A church is too small to have a special needs class, but the volunteer children’s church teacher is willing to work with the one who is in her age group. She has a heart for special needs, and the parents feel safe leaving their child with her. However the church has no care system for their volunteers, and so when this teacher isn’t valued or supported in her efforts, she eventually leaves and goes elsewhere. The new volunteer teacher they find to replace her isn’t sensitive to the special needs situation. The parents eventually stop coming to the church because they don’t feel there is a place for their child.
All of these scenarios are real. All of these decisions happened on an adult, leader, organizational, or program level, and yet affected kids and their families on a deeply individual personal level.
So my request is this: Pastor, elders, church board members- think about how your decisions are affecting the least of these. Before you hire that new children’s pastor who can take your children’s program “to the next level,” before you change Sunday School teachers around or restructure age groups in classes, or get a fancy new curriculum, or write the volunteer schedule for the nursery, or chose to let a family leave your church because of disagreements without really making an effort to work things out…. think about the kids involved. Not the numbers of children, the actual individuals. Think of faces, think of names, think of their personal circumstances. Now think of how their lives will change as a result of your decisions.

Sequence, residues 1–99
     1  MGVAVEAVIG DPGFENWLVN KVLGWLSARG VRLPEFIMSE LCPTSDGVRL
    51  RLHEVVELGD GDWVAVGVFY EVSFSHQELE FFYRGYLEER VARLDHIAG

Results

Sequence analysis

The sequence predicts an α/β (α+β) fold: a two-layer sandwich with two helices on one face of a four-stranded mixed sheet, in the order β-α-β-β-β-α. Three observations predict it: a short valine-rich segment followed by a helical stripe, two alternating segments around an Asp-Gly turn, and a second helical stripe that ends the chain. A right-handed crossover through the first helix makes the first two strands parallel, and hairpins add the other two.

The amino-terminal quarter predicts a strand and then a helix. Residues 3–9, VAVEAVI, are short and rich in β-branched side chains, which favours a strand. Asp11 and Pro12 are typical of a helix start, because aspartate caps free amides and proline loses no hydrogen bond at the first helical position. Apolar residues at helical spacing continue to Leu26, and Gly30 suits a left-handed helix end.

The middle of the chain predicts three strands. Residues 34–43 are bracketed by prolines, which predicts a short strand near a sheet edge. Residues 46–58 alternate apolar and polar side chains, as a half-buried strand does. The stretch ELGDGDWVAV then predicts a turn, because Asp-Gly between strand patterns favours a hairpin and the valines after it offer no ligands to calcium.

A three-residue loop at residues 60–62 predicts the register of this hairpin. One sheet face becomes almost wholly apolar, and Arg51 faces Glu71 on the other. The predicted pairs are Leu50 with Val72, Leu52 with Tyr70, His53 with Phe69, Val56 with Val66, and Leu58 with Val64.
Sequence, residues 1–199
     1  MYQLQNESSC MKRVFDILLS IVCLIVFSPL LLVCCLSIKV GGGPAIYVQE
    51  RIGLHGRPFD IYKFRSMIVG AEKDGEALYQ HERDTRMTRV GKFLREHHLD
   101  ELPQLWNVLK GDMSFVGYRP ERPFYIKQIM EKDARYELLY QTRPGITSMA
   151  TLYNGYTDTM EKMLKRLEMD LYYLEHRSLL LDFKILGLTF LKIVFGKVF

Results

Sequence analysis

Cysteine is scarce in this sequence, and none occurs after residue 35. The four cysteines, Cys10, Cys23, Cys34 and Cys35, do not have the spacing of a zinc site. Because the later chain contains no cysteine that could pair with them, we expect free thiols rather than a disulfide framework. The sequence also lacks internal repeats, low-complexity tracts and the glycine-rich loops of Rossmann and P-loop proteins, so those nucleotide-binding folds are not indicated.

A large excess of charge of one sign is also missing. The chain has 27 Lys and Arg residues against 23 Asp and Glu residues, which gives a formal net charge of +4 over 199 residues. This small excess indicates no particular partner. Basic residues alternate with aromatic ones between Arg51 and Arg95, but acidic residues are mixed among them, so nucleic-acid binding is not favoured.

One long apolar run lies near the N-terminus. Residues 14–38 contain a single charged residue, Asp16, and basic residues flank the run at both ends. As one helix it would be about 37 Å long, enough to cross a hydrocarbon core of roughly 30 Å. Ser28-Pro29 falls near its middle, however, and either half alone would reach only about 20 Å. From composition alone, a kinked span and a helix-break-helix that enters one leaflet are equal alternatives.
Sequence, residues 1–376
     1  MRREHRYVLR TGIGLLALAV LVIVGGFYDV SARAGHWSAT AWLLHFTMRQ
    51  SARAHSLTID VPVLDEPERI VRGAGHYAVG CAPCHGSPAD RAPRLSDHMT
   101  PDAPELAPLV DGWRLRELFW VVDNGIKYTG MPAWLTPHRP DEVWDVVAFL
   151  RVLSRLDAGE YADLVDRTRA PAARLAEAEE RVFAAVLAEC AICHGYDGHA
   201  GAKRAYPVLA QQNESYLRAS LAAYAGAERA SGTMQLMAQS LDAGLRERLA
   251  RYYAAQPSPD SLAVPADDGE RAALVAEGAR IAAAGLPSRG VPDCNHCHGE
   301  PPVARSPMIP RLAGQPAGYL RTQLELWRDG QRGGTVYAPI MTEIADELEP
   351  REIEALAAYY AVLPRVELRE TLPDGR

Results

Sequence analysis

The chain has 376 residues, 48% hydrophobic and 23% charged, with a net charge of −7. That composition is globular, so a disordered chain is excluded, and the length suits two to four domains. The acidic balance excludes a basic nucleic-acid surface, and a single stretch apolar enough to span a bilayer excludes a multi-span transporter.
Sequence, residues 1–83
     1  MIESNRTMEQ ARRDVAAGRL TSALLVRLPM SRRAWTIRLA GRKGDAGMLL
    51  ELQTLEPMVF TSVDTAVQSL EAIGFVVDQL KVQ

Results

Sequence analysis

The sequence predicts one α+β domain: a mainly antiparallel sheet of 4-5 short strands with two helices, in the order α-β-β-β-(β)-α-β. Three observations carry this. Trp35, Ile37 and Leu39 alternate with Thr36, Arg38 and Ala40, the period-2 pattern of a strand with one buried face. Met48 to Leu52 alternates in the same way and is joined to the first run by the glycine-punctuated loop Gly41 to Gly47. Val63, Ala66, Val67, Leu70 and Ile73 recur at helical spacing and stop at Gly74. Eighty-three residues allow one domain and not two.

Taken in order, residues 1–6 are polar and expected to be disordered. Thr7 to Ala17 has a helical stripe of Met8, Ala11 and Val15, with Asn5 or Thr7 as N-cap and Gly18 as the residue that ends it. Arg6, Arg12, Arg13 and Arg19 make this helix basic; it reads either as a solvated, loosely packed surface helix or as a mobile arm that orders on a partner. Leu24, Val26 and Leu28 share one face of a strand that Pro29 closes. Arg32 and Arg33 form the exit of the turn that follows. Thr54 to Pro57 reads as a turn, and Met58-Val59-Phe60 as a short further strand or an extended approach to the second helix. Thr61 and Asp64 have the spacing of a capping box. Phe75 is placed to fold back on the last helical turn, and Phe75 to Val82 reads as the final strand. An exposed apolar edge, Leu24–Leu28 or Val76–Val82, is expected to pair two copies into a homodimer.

You are an adult. You have been through many changes by now, and “restructuring” is no big deal. But for kids, it is different. Even a small change is a huge shift in their universe.
Please stop a minute before you say and do things that are going to rock their worlds.
I know these kids aren’t your “tithing units.” But they have souls. They matter to Jesus. Saying you care about children from the pulpit isn’t the same thing as showing it on a personal, interactive level.
Oh, and by the way. Don’t try to fake it.
They hate that.
Epilogue: After five months of visiting churches, my kids and I agreed on one we all liked. Since then we have attended there every Sunday. We sit on the back row and participate in the services. We do not volunteer, nor do we have any interaction with any of the pastors or leaders.